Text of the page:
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Editor-In-Chief’s Note: The 140 Billion Dollar Baby
In this issue, BW Businessworld attempts to examine this proposed behemoth to ascertain whether it was destined to be stillborn or whether the government could make this jumbo corporation work
Photo Credit : Umesh Goswami
“It is the struggle for oil, if not anything else, that will cause World War 3”
Being the most important resource in the world, the cause for oil has not only moved foreign policy decisions for a long time now, it has also been used as a show of power and strength for many years. It is more than evident that oil can not only move decisions, it can move governments as well.
India is the world’s third largest oil consumer. A surprising announcement in the 2017 Budget was a proposal for an integrated government enterprise to manage the production and business of oil. The consequential public sector behemoth should match global oil colossuses like Sinopec and Exxon and help India gain a leverage in the world market.
But surely, managing an unwieldy elephantine structure cannot be easy?
In this issue, BW Businessworld attempts to examine this proposed behemoth to ascertain whether it was destined to be stillborn or whether the government could make this jumbo corporation work. The cover story on the integrated oil company by senior associate editor, C.H. Unnikrishnan, is supported by expert columns by former oil Minister, Mani Shankar Aiyar and former Air India executive director, Jitender Bhargava.
In other sections, finance secretary Ashok Lavasa tells deputy editor Suman K. Jha that the universal basic income (UBI) was an idea, which should be debated. BW Education executive editor Sreerupa Sil discovers an ‘environmental thought leader’ in Hero Cycles chairman and managing director, Pankaj Munjal, in the course of a conversation. Senior special correspondent Monica Behura, reports about the government’s decision to allow foreign law firms to set up shop in special economic zones (SEZs). Associate editor Ayushman Baruah dives into the troubled waters of Infosys to fish out a story behind the story.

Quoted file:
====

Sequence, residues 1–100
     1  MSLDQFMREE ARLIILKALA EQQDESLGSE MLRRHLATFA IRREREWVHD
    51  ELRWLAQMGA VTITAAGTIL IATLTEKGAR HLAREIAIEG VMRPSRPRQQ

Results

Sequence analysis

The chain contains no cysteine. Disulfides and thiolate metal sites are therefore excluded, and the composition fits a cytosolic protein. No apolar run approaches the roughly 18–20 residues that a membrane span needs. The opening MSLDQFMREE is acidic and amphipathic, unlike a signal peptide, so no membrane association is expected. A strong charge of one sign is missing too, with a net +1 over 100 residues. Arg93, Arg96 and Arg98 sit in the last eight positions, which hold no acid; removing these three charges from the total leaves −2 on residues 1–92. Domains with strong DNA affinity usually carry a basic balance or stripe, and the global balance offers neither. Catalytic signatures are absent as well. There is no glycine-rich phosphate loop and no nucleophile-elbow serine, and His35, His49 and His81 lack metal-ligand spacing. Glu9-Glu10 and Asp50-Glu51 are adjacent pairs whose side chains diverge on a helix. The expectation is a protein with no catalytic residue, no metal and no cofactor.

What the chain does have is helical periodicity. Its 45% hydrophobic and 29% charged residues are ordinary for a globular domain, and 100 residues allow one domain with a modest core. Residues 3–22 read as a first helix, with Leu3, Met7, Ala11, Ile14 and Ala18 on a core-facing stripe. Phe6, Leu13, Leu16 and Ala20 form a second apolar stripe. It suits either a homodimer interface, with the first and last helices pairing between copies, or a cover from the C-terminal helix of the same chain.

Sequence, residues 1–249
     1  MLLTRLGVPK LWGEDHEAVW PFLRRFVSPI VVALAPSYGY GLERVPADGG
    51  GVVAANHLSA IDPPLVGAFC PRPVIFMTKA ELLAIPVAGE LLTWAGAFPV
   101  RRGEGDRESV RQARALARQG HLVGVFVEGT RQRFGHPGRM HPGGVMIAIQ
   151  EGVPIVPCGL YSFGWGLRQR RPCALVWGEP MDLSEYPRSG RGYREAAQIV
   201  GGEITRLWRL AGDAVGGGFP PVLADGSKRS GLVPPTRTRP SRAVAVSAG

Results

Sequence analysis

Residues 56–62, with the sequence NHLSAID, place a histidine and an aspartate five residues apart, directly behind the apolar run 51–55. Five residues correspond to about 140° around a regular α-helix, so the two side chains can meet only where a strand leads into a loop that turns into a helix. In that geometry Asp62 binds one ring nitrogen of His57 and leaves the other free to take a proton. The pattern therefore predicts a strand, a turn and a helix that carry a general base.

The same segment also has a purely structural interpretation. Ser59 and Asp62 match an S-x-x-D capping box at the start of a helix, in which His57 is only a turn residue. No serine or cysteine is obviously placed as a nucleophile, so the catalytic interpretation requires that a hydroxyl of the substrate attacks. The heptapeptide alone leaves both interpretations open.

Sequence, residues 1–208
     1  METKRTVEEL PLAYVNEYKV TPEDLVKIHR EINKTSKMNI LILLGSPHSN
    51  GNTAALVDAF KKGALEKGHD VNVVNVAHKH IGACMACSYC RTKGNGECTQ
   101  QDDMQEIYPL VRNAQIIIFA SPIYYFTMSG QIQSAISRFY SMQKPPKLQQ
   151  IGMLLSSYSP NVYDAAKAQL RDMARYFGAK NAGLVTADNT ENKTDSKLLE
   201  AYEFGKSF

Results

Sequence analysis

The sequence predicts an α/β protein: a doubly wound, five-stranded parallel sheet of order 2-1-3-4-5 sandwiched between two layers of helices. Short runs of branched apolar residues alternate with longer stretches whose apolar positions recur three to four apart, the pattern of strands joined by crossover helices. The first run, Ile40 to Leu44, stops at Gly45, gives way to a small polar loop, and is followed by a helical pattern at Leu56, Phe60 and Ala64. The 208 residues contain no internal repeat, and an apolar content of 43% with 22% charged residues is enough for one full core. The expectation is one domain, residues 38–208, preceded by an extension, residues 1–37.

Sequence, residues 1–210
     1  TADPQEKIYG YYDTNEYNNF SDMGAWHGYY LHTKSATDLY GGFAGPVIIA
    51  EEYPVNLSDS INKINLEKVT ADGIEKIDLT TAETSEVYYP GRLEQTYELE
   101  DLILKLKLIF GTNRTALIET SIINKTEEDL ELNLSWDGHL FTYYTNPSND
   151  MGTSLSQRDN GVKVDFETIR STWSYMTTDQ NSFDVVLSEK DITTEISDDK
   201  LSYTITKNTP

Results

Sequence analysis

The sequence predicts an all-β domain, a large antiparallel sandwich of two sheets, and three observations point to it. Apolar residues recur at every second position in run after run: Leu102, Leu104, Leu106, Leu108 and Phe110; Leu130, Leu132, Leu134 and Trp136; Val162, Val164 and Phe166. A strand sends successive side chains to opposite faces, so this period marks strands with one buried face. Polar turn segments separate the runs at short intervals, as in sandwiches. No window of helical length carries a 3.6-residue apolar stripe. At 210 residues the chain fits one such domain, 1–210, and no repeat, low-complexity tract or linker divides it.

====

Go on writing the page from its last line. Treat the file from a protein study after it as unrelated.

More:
The online edition of BW Businessworld first reported on job cuts at Snapdeal and the story got followed by other media houses. An abridged version of the report is included in the print edition of the magazine. Mumbai bureau head, Clifford Alvares, writes of why the much awaited RBI press conference was a watershed.
Ramesh Jude Thomas devotes his column to the iconic Ambassador brand that once ferried successive Indian prime ministers and has now been sold off to the French car company, Peugeot. Thomas probes into the reasons for the brand’s demise and whether nostalgia was ammunition enough for a comeback for the Ambassador.
The Union Budget was discussed threadbare at 15 BW Businessworld roundtables across three cities. We devote some pages to the pow-wows on a range of topics from direct taxes to the startup ecosystem. The economy is not immune to the polity and vice versa. So, we track the elections in some major States and analyse their impact on the economy for you in the days ahead.
We leave you with a thought that reflects on our cover story, with a quote from Jean Paul Getty. Getty, who had founded the Getty Oil Company, was acclaimed the wealthiest American by Fortune magazine in 1957. “The formula for success,” he had said, was to “rise early, work late, and strike oil.” We wish that our government strikes the right chord if not quite oil, and that the grand merger of oil PSUs enriches the lives of Indians.